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This article was published on August 6, 2011 building a crowdsourced streetview with their 360 Panorama App building a crowdsourced streetview with their 360 Panorama App
Vikas SN
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Vikas SN

Vikas SN is the Indian Editor at The Next Web and is based out of Bangalore, India. He is extremely interested in Indian startups and shiny Vikas SN is the Indian Editor at The Next Web and is based out of Bangalore, India. He is extremely interested in Indian startups and shiny gadgets. You can follow him on Twitter, Google+ or contact him via email at [email protected]

If you consider an average smartphone user, he primarily uses it for 3 main purposes: Communication such as e-mail, IM and social networking, taking photos and playing games. And if you’re like me, you’re probably taking a lot of photos daily.

While social photo apps like Picplz and Lightbox are cool, no one has thought of going beyond that and looking at ‘the big picture’. When you snap a photo, you’re essentially creating a visual representation of that place and generating location details of that place through geotags, which can be used for mapping purposes., an Indian based startup, previously known as, aims to achieve something similar with its crowdsourced street view product.

Although Vineet Devaiah, co-founder of the refused to divulge any further details on the product they are currently working on, he hinted that their Android panorama app, which came out of Alpha last week, is just the tip of the iceberg and they have much larger plans with, which is currently under construction.

Speaking of the Android app, Vineet Devaiah and his team seem to have pulled off some impressive work over the past couple of months, considering how tricky and device-centric, the panorama feature usually is.

Unlike the iPhone, which has a similar hardware configuration throughout its entire device family, Android devices come with wildly different configurations and processing power, thanks to various OEM’s and their ways of product differentiation, to stay ahead in the market.

Hence, it poses a huge challenge for app developers to provide a similar experience across all devices, be it a low-specced model like HTC Wildfire or a top-end model like Samsung Galaxy II, which probably is one of the reason there are no solid panorama apps for Android unlike iOS which has Microsoft’s Photosynth and Occupital’s 360 Panorama.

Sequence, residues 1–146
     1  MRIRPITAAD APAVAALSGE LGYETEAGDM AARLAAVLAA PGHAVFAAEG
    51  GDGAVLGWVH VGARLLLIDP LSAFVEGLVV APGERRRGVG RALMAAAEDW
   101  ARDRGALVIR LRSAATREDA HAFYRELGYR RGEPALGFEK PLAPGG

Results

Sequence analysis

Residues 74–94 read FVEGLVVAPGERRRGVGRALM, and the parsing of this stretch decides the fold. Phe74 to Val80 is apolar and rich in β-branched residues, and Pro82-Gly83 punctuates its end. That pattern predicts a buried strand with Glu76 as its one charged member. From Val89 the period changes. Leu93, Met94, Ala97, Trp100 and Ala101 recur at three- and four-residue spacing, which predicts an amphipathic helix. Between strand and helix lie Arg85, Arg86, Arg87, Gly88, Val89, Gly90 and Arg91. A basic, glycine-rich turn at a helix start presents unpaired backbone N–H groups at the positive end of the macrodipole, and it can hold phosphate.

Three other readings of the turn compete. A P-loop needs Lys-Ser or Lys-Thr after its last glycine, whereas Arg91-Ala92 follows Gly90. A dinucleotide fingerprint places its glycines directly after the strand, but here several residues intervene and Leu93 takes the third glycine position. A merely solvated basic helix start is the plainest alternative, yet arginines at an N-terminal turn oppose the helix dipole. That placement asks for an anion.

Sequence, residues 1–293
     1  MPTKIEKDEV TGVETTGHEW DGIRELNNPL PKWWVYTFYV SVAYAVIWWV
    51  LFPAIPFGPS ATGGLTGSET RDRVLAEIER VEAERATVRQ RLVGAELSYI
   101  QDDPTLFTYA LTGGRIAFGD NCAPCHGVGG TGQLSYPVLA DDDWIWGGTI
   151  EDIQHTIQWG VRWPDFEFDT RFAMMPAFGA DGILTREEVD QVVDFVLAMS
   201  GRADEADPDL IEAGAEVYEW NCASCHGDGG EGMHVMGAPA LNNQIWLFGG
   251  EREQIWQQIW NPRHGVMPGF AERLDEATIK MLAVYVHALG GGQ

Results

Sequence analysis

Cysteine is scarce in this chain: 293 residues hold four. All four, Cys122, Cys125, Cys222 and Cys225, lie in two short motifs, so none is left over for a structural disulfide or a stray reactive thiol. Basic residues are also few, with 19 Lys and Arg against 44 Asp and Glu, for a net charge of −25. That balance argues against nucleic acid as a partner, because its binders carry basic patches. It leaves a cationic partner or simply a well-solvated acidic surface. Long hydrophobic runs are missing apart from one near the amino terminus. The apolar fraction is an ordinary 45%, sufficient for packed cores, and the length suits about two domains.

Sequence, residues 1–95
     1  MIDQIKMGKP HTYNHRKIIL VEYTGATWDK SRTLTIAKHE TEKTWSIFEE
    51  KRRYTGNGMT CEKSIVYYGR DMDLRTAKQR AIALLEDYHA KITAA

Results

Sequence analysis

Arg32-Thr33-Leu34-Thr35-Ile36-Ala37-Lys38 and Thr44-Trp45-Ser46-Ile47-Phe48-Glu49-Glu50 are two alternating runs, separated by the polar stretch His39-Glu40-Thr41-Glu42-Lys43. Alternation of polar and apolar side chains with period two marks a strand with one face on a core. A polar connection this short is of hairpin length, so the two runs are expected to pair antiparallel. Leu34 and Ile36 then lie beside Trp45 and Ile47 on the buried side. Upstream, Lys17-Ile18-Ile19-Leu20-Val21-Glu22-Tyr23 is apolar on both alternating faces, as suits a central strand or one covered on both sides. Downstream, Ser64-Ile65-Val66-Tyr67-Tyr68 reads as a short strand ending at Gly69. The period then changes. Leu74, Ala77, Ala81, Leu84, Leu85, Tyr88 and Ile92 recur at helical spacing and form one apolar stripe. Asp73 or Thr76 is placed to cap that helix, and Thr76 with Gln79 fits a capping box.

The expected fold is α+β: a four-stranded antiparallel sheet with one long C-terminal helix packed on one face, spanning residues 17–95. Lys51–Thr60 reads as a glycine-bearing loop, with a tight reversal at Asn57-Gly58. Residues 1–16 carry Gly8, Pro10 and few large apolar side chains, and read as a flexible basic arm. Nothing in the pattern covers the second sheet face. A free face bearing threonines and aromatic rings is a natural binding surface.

On the flipside, Android devices enjoy more popularity than iPhones in developing countries like India, thanks to the wide adoption of the OS by domestic manufacturers such as Micromax, Spice and Olive Telecom who are churning out a crazy number of low-cost Android devices in recent months, thereby offering a large growth opportunity and a chance to be a killer app on the Android platform rather than being a “me too” app on iOS.

Vineet and the team, thereby thought of capitalising this opportunity and brought their award-winning photo stitching technology onto Android.

An alpha version was released into the Android Market in mid-May and the company recorded 47,000 downloads within a span of 60 days without any major PR campaign. The app recently moved to public beta and now supports 200+ Android devices, which is quite impressive, considering the highly fragmented nature of the OS. Vineet also added that the app has already stitched 70,000+ panoramas and the number is growing increasingly by the day.

This however is just the first stage in the company’s grand scheme of things. They have a web version of the photo stitching app which is currently barebones in terms of functionality, but they plan to re-launch a new web version at in forthcoming months.

While crowdsourced street view seems to be a lofty dream right now, we can’t wait to get our hands on this product once it publicly launches in few months.

As for, Vineet said they will ultimately shut it down and all the existing features will be ported onto